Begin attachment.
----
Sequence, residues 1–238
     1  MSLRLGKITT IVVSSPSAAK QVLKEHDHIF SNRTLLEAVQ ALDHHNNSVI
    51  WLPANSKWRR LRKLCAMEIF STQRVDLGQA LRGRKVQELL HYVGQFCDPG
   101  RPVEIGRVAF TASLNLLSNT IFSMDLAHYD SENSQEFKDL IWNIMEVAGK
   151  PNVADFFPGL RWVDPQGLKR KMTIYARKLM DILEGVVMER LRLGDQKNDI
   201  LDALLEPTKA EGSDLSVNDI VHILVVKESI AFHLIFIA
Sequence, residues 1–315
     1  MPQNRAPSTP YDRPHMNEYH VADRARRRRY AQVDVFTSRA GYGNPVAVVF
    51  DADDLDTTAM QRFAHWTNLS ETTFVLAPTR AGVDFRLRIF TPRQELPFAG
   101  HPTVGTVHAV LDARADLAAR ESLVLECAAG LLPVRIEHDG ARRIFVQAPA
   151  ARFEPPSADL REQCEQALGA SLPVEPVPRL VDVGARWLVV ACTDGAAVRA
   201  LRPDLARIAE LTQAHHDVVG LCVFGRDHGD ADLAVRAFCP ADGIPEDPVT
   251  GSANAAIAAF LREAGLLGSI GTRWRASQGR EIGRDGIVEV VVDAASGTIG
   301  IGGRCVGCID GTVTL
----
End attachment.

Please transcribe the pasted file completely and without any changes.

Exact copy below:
Sequence, residues 1–238
     1  MSLRLGKITT IVVSSPSAAK QVLKEHDHIF SNRTLLEAVQ ALDHHNNSVI
    51  WLPANSKWRR LRKLCAMEIF STQRVDLGQA LRGRKVQELL HYVGQFCDPG
   101  RPVEIGRVAF TASLNLLSNT IFSMDLAHYD SENSQEFKDL IWNIMEVAGK
   151  PNVADFFPGL RWVDPQGLKR KMTIYARKLM DILEGVVMER LRLGDQKNDI
   201  LDALLEPTKA EGSDLSVNDI VHILVVKESI AFHLIFIA
Sequence, residues 1–315
     1  MPQNRAPSTP YDRPHMNEYH VADRARRRRY AQVDVFTSRA GYGNPVAVVF
    51  DADDLDTTAM QRFAHWTNLS ETTFVLAPTR AGVDFRLRIF TPRQELPFAG
   101  HPTVGTVHAV LDARADLAAR ESLVLECAAG LLPVRIEHDG ARRIFVQAPA
   151  ARFEPPSADL REQCEQALGA SLPVEPVPRL VDVGARWLVV ACTDGAAVRA
   201  LRPDLARIAE LTQAHHDVVG LCVFGRDHGD ADLAVRAFCP ADGIPEDPVT
   251  GSANAAIAAF LREAGLLGSI GTRWRASQGR EIGRDGIVEV VVDAASGTIG
   301  IGGRCVGCID GTVTL